The New Year almost always brings with it new resolutions – many of which are about dieting as a means of improving our health. There are plenty of reasons to look at our eating habits as a means of feeling better, improving our health and even preventing disease.
The SAD way of eating gives SAD results!
Fact: the diet most American consume that we refer to as the Standard American Diet or SAD is a big reason for the epidemic of health problems. We have become the “Fast Food Nation”, regularly consuming foods with loads of carbohydrates, low levels of quality nutrients, excessive sugar as well as sodium and manufactured unhealthy trans fats in the form of hydrogenated or partially hydrogenated oil. If that’s not bad enough, often these foods are served in supersized portions! It’s no wonder we have an obesity epidemic with the Centers for Disease Control and Prevention (CDC) reporting that more than one in three Americans considered overweight. And according to a study published in the December 2019 Journal of the American Medical Association (JAMA) – Pediatrics, nearly a quarter of young adults and a fifth of adolescents in the United States have prediabetes
"Until recently, young children and teens almost never got type 2 diabetes, which is why it used to be called adult-onset diabetes," states the CDC. "Now, about one-third of American youth are overweight, a problem closely related to the increase in kids with type 2 diabetes, some as young as 10 years old.”
Another study published in January 2016 in The BMJ Open, more than half of Americans’ calories come from “ultra-processed” foods, which contain tons of sodium, synthetic trans fats, and artificial sweeteners designed to make them more flavorful and extend their shelf life – despite their unhealthy attributes. Some examples of ultra-processed foods include:
White bread made with refined (not whole grain) flours
Packaged snack cakes
The first step to healing and staying healthy is with the right food choices that start with reading the labels at your grocery store or making smart choices when dining out. We know the ticket to a long, healthier life begins with eating real food and ditching the junk! In all my protocols, diet is step number one. It has been clearly shown that in all disease that the cornerstone of pathology is inflammation and this holds true for neuro-inflammation as well. Every time our immune system is activated an inflammatory response responds. And in this toxic world we live in, our immune systems are constantly having to defend against not just infectious pathogens, but also against thousands and thousands of toxins even in our food.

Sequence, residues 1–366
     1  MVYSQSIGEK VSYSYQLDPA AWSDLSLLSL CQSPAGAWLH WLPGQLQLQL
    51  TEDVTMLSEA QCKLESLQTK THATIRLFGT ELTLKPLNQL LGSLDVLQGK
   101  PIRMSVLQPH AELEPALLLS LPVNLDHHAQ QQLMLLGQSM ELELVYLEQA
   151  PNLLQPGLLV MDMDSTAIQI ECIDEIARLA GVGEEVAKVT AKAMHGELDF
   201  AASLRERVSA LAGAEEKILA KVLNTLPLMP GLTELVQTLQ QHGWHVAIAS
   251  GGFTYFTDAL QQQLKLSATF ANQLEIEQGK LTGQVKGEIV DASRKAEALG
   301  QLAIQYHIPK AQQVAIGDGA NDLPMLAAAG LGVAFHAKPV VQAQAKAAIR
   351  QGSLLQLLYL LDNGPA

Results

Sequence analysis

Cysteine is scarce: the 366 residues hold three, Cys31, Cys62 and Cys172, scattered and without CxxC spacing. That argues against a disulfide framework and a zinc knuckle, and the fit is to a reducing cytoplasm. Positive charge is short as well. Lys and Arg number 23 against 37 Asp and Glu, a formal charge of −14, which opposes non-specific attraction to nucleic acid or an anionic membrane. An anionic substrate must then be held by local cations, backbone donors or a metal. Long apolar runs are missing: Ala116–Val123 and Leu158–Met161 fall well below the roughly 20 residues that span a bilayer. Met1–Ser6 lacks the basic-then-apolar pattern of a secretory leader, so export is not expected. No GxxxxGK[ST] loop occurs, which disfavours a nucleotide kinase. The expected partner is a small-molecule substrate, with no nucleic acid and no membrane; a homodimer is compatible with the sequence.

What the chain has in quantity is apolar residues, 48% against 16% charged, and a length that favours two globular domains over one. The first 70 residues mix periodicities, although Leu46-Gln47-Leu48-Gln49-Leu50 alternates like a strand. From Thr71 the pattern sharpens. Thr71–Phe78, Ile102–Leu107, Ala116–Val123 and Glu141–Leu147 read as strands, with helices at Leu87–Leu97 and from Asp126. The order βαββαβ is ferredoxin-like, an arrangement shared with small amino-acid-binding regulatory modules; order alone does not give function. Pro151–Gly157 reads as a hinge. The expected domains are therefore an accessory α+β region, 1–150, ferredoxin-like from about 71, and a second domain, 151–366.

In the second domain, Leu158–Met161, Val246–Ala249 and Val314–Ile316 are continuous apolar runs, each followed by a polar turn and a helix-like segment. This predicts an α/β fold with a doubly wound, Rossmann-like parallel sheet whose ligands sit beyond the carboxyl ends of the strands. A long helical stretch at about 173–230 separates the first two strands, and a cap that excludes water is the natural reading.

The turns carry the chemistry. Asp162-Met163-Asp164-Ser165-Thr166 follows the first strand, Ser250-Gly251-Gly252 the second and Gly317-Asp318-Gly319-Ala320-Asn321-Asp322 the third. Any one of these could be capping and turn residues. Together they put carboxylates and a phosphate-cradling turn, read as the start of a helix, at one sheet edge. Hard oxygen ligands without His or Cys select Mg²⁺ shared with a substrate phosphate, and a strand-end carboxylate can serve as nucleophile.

The Right Food Choices are Critical for Treating Autoimmune Disease.
One of the practitioners I most admire, Dr. Mark Hyman, says that food is actually what codes our biology and sets us up for either wellness or potential disease states. I highly recommend you check out his book, “Food - What the Heck Should I Eat?” The information regarding food choices, what is healthy, what is not, and the multitude of diets out there can be overwhelming and confusing! Dr. Hyman’s book covers all the current science around food and gives us a wonderful road map toward better health. I also recommend reading “The Autoimmune Solution” by Dr. Amy Meyers, another wonderful physician and resource for better understanding the link between our diets and disease origins.
The more you learn about what actually makes you feel well, the more you’ll commit yourself to treating food as an integral part of your own health plan. And eating healthfully is truly a lifestyle you will want to adopt for a lifetime!
“Overweight & Obesity.” Centers for Disease Control and Prevention, 5 Mar. 2018, www.cdc.gov/obesity/data/adult.html
The BMJ Open, January 2016 study: https://bmjopen.bmj.com/content/6/3/e009892
Find Dr. Hyman’s book at https://www.amazon.com/Food-What-Heck-Should-Eat-ebook/dp/B072MF1359
Find Dr. Myers’ book at https://amzn.to/2rYXpON
JAMA Pediatrics - https://doi.org/10.1001/jamapediatrics.2019.4498
Dr. Suzanne Gazada, Integrative Neurology